This classic series was the start of a popular trend of movies and cartoon shows called video game adaptations. It was also when I first became interested in the video game versions of the Super Mario Bros. franchise.
The Super Mario Bros. Super Show! and The Super Mario Bros. Super Show! Volume 2 (1989-1990) both start with a live action segment with the Mario brothers as regular plumbers from Brooklyn. Pro wrestler Captain Lou Albano plays Mario and actor Danny Wells plays Luigi. I recognize his voice on Crashbox as the host of Poop or Scoop. You never know who else is gonna stop by the Mario brothers’ plumbing place. Most likely a celebrity guest star like Ernie Hudson or Nicole Eggert. Then comes a Super Mario Bros. cartoon with their adventures in the Mushroom Kingdom. That’s where the real video game action is. It’s a mixture of Super Mario Bros. and Super Mario Bros. 2 with the various characters.
On the original Super Mario Bros. game, Luigi was only a Mario clone for the two-player mode. On this show, he’s his own character. It makes much more sense that way. What really makes this show interesting is how much it’s like the video games. Such as the sound effects, the background music, and the character designs. I think some of the designs look much better here than on the video games, like the Princess and King Koopa.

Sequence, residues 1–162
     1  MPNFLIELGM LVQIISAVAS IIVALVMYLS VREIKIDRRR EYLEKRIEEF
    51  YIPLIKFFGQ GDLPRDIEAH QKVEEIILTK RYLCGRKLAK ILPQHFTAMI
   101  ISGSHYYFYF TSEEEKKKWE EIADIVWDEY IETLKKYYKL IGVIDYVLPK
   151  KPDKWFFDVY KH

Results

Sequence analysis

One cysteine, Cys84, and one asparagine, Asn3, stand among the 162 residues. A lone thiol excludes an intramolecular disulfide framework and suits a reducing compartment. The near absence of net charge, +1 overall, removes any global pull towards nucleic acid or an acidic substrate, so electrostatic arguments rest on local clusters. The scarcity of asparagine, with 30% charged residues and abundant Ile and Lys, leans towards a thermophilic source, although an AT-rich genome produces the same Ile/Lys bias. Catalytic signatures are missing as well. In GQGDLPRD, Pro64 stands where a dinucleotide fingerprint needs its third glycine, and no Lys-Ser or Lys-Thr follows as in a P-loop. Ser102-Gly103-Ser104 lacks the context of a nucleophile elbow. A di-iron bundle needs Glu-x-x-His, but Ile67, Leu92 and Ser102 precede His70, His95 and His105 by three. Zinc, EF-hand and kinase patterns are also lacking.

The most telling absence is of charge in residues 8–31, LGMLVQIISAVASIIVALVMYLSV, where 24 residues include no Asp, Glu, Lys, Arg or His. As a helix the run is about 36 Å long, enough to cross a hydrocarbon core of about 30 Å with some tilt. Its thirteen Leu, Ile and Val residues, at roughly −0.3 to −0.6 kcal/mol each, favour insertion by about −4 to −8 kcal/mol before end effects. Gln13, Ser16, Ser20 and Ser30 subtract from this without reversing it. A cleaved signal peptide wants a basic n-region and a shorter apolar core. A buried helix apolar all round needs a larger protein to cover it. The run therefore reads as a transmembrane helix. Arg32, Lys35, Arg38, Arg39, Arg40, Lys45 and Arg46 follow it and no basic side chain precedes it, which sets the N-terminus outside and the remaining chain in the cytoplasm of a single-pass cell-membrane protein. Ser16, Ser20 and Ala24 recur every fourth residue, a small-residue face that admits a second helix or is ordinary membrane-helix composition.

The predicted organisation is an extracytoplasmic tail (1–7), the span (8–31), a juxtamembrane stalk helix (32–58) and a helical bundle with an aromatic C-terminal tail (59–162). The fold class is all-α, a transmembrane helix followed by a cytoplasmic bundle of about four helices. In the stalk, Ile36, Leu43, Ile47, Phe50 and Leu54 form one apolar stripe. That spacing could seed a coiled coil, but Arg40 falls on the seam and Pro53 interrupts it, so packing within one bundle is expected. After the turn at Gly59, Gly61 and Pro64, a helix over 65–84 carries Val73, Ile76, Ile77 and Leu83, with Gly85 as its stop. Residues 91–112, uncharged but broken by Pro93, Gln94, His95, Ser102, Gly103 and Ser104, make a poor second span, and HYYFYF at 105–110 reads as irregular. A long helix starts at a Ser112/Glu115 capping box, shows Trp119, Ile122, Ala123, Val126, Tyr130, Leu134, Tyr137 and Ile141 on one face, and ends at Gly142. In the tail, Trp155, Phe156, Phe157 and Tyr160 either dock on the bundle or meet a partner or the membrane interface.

When Mario and/or Luigi find a fire flower or a starman, they become super. I think it’s neat when the color schemes change. There were even rare times when Toad and the Princess become super with their neat color scheme changes. The Princess’s pink dress becomes red, white, and blue. It’s amazing. Too bad the Super Mario Bros. 2 game doesn’t have fire flowers. It would’ve been nice to see Toad and the Princess use fireballs.
Although it’s creative that many of the episodes are based on movies and historical figures, none of the worlds are from the video games. It just goes to show how huge the Mushroom Kingdom is. King Koopa wants to rule it all, piece by piece, even while portraying a different type of character, like Count Koopula, Redcoat Koopa, Koopfinger, Dr. Koopenstein, and Koopa Claus.
After the Mario cartoon, there’s a sneak peek of that week’s episode of The Legend of Zelda, but we’ll get to that show later. At the end credits, the music for the song Do the Mario is from the Super Mario Bros. video game. Whenever I play that game on levels with that music, I usually think of the lyrics that go with it. Pretty cool, huh?